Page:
Smoking and your unborn baby
Protecting your baby from tobacco smoke is one of the best things you can do to give your child a healthy start in life. It can be difficult to stop smoking, but it's never too late to quit.
Every cigarette you smoke contains over 4,000 chemicals, many of which are dangerous, so smoking when you are pregnant harms your unborn baby. Cigarettes can restrict the essential oxygen supply to your baby. As a result, their heart must beat harder every time you smoke.
Benefits of stopping smoking in pregnancy
Stopping smoking will help both you and your baby immediately. Harmful gases, such as carbon monoxide, and other damaging chemicals will clear from your body. When you stop smoking:
- you will reduce the risk of complications in pregnancy and birth
- you are more likely to have a healthier pregnancy and a healthier baby
- you will reduce the risk of stillbirth
- your baby is less likely to be born too early and have to face the breathing, feeding and health problems that often go with being premature
- your baby is less likely to be born with a low birth weight. Babies of smokers are, on average, lighter than other babies, which can cause problems during and after labour. For example, they are more likely to have problems keeping warm and are more likely to get infections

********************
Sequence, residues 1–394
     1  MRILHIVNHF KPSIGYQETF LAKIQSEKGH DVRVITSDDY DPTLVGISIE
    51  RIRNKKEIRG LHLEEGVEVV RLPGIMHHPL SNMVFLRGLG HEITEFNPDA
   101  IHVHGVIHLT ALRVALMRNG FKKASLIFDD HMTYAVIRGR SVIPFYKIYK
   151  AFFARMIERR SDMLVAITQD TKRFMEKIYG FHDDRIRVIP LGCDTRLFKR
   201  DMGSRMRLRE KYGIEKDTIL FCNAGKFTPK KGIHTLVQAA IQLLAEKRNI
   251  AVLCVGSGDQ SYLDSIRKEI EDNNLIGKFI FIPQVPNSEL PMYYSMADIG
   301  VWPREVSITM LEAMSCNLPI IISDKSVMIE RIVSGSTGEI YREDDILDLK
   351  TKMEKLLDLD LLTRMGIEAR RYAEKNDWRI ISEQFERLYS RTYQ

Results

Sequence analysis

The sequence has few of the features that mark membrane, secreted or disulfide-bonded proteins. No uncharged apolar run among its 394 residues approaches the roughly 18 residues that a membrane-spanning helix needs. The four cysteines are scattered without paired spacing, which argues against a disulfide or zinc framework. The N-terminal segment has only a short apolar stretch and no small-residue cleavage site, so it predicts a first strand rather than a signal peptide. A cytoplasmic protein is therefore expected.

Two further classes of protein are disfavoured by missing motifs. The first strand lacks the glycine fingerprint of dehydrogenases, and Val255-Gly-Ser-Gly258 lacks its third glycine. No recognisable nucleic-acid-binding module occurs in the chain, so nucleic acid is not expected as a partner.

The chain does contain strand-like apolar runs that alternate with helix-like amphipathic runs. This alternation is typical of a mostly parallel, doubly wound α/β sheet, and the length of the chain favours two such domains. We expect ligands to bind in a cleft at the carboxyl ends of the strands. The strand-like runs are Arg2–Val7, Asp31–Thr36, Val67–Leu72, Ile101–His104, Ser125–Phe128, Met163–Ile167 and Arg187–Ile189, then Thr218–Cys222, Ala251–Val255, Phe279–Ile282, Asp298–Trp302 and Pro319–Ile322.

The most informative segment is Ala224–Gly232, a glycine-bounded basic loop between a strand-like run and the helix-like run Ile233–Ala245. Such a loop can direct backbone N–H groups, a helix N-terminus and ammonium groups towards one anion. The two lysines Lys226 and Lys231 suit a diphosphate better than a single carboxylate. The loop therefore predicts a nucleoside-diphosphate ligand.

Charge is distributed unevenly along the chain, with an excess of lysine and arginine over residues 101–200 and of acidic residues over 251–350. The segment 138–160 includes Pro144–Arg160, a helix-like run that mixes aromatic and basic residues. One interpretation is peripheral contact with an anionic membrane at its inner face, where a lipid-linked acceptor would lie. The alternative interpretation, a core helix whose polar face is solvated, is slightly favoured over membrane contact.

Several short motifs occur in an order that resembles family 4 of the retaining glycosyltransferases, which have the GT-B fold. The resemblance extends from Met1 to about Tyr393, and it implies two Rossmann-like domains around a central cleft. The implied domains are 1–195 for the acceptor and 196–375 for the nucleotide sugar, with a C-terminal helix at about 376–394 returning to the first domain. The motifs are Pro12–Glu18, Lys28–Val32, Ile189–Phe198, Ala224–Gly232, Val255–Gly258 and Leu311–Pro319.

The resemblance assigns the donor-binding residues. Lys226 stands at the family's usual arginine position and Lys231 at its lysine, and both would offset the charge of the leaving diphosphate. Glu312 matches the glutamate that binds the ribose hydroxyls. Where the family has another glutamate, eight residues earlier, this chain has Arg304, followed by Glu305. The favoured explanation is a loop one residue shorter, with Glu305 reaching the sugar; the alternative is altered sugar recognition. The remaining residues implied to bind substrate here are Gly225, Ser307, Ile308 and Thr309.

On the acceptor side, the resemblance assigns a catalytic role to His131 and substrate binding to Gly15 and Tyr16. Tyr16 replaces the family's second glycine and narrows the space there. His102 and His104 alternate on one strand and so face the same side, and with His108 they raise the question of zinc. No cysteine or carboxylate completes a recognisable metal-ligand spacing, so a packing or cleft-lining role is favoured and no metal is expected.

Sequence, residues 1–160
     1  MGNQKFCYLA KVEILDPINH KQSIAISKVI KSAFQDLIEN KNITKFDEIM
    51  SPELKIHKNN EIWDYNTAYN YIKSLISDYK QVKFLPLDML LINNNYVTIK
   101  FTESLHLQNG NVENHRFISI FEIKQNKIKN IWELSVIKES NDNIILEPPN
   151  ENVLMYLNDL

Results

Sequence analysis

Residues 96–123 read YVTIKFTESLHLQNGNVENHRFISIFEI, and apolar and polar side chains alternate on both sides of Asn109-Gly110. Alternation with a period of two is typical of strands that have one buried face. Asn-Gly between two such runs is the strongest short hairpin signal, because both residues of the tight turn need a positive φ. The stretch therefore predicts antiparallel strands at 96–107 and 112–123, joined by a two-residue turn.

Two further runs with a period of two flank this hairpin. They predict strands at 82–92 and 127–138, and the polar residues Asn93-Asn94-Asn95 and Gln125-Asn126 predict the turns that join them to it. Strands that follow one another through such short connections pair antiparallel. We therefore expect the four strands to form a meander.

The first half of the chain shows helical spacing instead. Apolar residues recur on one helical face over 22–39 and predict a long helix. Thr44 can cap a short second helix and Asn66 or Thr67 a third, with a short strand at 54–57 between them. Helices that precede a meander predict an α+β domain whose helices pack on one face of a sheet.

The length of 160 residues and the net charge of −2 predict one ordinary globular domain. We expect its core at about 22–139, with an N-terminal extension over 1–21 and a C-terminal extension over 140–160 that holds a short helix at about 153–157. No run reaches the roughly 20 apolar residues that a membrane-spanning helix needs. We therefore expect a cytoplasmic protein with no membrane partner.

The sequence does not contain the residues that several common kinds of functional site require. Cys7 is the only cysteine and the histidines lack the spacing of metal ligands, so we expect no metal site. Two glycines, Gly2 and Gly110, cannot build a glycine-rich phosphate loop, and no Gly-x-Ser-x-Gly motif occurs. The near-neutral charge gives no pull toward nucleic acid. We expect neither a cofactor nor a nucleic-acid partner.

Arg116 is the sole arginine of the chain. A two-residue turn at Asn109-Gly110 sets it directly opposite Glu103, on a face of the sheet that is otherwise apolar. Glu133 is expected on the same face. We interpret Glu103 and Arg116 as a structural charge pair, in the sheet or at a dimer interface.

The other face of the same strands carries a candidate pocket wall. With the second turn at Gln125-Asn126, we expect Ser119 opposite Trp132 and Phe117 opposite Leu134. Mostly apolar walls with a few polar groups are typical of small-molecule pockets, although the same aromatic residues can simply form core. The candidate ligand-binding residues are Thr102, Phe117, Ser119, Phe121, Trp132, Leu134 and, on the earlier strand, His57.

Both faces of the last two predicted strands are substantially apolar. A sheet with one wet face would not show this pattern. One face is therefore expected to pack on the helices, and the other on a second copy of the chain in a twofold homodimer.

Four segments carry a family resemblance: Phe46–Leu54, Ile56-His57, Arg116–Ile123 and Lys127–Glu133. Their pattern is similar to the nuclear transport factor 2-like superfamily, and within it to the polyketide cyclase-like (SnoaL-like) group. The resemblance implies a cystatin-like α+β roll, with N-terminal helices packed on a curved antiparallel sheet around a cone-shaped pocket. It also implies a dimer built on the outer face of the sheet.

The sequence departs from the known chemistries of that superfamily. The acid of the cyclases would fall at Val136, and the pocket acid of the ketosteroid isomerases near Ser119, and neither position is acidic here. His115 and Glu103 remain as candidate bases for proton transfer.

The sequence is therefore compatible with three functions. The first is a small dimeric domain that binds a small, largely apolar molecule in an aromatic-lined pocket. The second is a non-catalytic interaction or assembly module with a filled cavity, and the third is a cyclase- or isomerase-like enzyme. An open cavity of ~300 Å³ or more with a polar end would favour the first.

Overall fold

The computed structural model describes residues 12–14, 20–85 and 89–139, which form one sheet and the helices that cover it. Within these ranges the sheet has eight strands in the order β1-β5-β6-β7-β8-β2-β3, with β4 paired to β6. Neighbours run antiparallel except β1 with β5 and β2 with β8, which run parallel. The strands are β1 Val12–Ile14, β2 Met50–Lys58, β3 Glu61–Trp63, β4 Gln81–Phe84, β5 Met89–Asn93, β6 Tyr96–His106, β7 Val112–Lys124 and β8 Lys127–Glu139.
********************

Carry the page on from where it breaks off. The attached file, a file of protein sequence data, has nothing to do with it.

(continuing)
- you will reduce the risk of sudden infant death syndrome (SIDS), also known as "cot death"
Stopping smoking now will also help your baby later in life. Children whose parents smoke are more likely to suffer from asthma and other serious illnesses that may need hospital treatment.
The sooner you stop smoking, the better. But even if you stop in the last few weeks of your pregnancy this will benefit you and your baby.
Secondhand (passive) smoke harms your baby
If your partner or anyone else who lives with you smokes, their smoke can affect you and your baby before and after their birth. You may also find it more difficult to stop if someone around you smokes.
Secondhand smoke can also reduce your baby's birthweight and increase the risk of sudden infant death syndrome (SIDS), also known as "cot death". Babies whose parents smoke are more likely to be admitted to hospital for bronchitis and pneumonia during their first year.
To find out more about quitting and to get support, your partner can call the National Smokefree helpline on 0300 123 1044 from 9am to 8pm Monday to Friday, and 11am to 4pm Saturday and Sunday.
Nicotine replacement therapy
You can use nicotine replacement therapy (NRT) during pregnancy if it will help you stop smoking and you're unable to stop without it. Stop smoking tablets such as bupropion (Zyban) are not recommended during pregnancy.
NRT contains only nicotine and none of the damaging chemicals found in cigarettes, so it is a much better option than continuing to smoke. It helps you by giving you the nicotine you would have had from a cigarette.
You can be prescribed NRT during pregnancy by a GP or an NHS stop smoking adviser. You can also buy it over the counter without a prescription from a pharmacy.
NRT is available as:
- nasal spray
- mouth spray
- oral strips
If you have pregnancy-related nausea and vomiting, patches may be a better solution.